Earlier this year, Amazon announced support for more than 100 new apprenticeships in organisations across the creative industries, doubling its creative industries apprenticeship levy funding to £2m in a bid to develop the UK’s creative talent of the future.

An important part of Amazon’s investment is our commitment to the UK-based artisans and SME craft businesses who sell their goods via Amazon.co.uk and Handmade.

The Handmade store is available for artisans to sell their handcrafted products to millions of Amazon customers all over the world. It’s open to creative business owners who make accessories, artwork, baby products, beauty products, clothing, shoes, handbags, jewellery, homeware and more. Keep reading to meet some of our Handmade and SME sellers to hear their success stories.

Funky Soap Shop from London

Anni Kriesche fulfilled her lifelong dream of making her own soap and skincare when she started Funky Soap Shop. The business has grown from making a few products in Anni’s kitchen to a 15 strong team and large premises.

Anni Funky Soap mixing ingredients

Funky Soap Shop provides shoppers with healthy and simple products, revives old recipes, and offers plastic free alternatives. Now in operation for over 10 years, the business has had many highlights which include having its own billboard in Westfield London sponsored by Amazon, and a piece of press coverage in a magazine that sent sales through the roof.

“Amazon gives a platform for many creative businesses,” said Anni. “They can reach customers they wouldn’t normally. The Small Business and Climate Pledge Friendly badges Amazon offers also help customers to purchase more consciously and support designer-makers and creative industries.

“Funky Soap Shop itself has been supported with advertising campaigns and promotions from Amazon which have helped to raise the profile of Funky Soap and gain customers.”

Fizzy Fuzzy from Buckinghamshire

Vicki Kajtar worked in the food industry for 12 years and headed up a New Product Development Department before having children and establishing her business Fizzy Fuzzy.

vicki from Fizzy Fuzzy holding bath bombs

The idea for the business came about by chance when her daughter was given bath bomb making kit as a birthday present and she was less than impressed with quality. Because of her background, Vicki understood the principle and ingredients involved in creating bath bombs and decided she could do a better job herself. Since then, she went on to become one of the first businesses to feature her products on Amazon Handmade in the UK.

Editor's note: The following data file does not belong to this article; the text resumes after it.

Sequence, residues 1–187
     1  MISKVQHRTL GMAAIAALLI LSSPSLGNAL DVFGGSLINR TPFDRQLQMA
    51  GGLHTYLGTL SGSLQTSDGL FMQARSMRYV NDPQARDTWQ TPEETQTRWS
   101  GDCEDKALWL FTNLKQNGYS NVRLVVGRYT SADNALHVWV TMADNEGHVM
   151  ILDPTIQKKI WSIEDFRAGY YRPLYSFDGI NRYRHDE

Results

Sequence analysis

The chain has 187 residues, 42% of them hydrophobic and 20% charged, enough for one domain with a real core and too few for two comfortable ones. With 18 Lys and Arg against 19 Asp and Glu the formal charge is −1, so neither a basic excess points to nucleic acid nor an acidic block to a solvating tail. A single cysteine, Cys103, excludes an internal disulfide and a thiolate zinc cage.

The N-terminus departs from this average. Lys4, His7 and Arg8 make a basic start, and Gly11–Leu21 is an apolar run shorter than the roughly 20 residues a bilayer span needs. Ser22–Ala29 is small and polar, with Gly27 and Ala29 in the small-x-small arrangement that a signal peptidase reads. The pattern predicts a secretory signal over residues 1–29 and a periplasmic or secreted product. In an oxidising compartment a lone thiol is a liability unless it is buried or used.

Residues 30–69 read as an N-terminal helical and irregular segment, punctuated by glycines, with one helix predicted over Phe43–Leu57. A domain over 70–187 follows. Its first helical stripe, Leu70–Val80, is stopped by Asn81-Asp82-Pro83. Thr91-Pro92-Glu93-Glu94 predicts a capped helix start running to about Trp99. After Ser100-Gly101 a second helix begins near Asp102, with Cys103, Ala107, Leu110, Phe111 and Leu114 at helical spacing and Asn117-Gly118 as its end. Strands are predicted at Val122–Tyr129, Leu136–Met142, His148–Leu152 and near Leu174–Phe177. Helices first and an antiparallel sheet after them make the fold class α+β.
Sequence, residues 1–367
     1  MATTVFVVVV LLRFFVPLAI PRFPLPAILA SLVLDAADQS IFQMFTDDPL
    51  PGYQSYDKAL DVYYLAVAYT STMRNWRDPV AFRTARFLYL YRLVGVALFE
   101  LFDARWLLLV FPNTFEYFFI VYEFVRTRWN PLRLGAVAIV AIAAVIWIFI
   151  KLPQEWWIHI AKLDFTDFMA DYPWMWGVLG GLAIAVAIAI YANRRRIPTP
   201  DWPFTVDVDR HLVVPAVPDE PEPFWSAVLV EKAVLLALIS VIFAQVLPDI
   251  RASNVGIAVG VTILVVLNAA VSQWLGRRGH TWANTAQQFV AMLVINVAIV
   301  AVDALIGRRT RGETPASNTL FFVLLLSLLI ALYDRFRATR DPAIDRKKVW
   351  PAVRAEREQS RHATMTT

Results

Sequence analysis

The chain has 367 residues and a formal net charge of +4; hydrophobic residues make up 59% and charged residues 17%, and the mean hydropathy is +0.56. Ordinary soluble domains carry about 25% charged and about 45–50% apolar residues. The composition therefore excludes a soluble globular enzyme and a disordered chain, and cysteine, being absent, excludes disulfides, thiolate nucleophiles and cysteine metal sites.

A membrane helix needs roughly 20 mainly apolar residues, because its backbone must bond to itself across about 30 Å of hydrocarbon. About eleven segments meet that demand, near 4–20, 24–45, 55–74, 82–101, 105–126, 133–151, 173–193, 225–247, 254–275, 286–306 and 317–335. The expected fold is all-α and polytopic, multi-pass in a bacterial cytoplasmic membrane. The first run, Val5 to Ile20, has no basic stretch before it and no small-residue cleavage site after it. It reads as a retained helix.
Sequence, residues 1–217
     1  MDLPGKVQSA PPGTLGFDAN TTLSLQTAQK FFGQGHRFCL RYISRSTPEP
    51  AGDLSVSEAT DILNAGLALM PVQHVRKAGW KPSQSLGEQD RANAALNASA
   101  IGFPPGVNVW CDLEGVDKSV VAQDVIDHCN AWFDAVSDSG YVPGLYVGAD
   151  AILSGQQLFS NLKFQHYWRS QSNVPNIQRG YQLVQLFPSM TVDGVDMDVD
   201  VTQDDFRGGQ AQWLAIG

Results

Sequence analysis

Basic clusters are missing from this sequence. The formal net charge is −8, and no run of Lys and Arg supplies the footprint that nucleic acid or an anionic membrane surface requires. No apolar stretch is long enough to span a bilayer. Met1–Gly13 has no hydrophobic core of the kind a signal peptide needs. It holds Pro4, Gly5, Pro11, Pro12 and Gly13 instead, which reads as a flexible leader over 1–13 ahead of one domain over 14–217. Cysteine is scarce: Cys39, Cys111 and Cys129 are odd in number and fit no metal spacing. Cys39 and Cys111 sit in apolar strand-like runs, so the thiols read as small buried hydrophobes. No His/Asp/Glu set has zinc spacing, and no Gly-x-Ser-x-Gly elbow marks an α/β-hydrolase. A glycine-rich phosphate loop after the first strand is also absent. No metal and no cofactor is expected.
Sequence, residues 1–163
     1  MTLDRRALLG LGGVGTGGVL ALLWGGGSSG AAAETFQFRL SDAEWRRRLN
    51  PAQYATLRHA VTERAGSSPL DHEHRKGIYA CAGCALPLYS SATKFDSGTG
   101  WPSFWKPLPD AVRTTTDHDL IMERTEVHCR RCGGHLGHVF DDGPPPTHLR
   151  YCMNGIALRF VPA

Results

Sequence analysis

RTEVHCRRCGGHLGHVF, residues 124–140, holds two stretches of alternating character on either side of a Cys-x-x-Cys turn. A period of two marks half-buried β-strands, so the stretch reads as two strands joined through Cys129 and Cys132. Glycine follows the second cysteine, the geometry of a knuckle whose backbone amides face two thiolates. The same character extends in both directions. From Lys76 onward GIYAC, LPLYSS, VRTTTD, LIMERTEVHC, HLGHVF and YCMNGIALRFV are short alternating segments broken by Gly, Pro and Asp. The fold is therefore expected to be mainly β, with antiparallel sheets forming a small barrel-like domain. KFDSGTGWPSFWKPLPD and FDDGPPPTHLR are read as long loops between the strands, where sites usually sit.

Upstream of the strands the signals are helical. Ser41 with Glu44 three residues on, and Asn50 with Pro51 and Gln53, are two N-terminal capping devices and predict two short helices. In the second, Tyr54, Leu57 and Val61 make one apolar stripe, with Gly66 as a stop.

“Once the products were live and I could see them available on the Amazon website – that was a truly memorable day,” said Vicki. “That was when my craft turned from a hobby into a proper business. I then became a limited company in 2017 and have never looked back!”

Wee Woolly Wonderfuls from Hull

Lisa Dobbs started her craft business, Wee Woolly Wonderfuls, in her spare room while working as a mortgage advisor, and now runs it full-time with her husband.

wee woolley wonderful founder with knitted toys

“In a small business you have to be the designer, photographer, marketer, social media guru, kit packer and dispatcher, and everything in between,” said Lisa. 

“Amazon has been instrumental to the growth of my small family business. It has given me the opportunity to offer my items to a huge audience, as well giving me marketing opportunities in newspapers, marketing emails and with celebrities which has been instrumental in growing my business.

“Our orders on Amazon went crazy the day that Stacey Solomon posted an Instagram story about making our Arthur & Betsy Bunny Kit for her new baby whilst pregnant. The response was amazing, and lots of people I knew were contacting me saying that they'd seen our bunnies go viral!”

Cotswold Crafts by Emma

Emma Eatwell set up Cotswold Crafts by Emma in the midst of a COVID-19 lockdown in 2020. Initially a stopgap while her career was on hold, the handmade resin gifts and accessories business proved its selling potential on online shops.

Emma Eatwell

“What I thought would be a barrier - not having the ability to showcase the pieces in local markets or craft shops due to being in lockdown - proved to be a blessing in disguise in the long term,” said Emma.

“It meant I took a leap of faith and joined the Amazon Handmade Sellers. This opened Cotswold Crafts by Emma up to a much wider audience, which catapulted us into being the successful small business we are today.

“Amazon is pioneering the way in supporting the creative industries by providing craftspeople with a platform to showcase what they can do, without physically running a shop. The support Amazon Handmade provides, with online workshops, tutorials and advice from advertising campaigns, means it’s accessible for small business to grow and thrive.”

Amazon has invested more than £4.2bn in UK creative industries since 2010, across areas like Kindle Direct Publishing, Amazon Publishing, Prime Video, Audible, Amazon Fashion, Amazon Music, Amazon Games and more. New analysis also shows that Amazon’s investments supported 16,000 jobs across the sector in 2022.

Read more about how Prime Video’s investment in the UK is creating opportunities for homegrown film and TV talent, or learn about the Amazon apprenticeship fund which is creating 750 apprenticeships in small and medium sized UK businesses.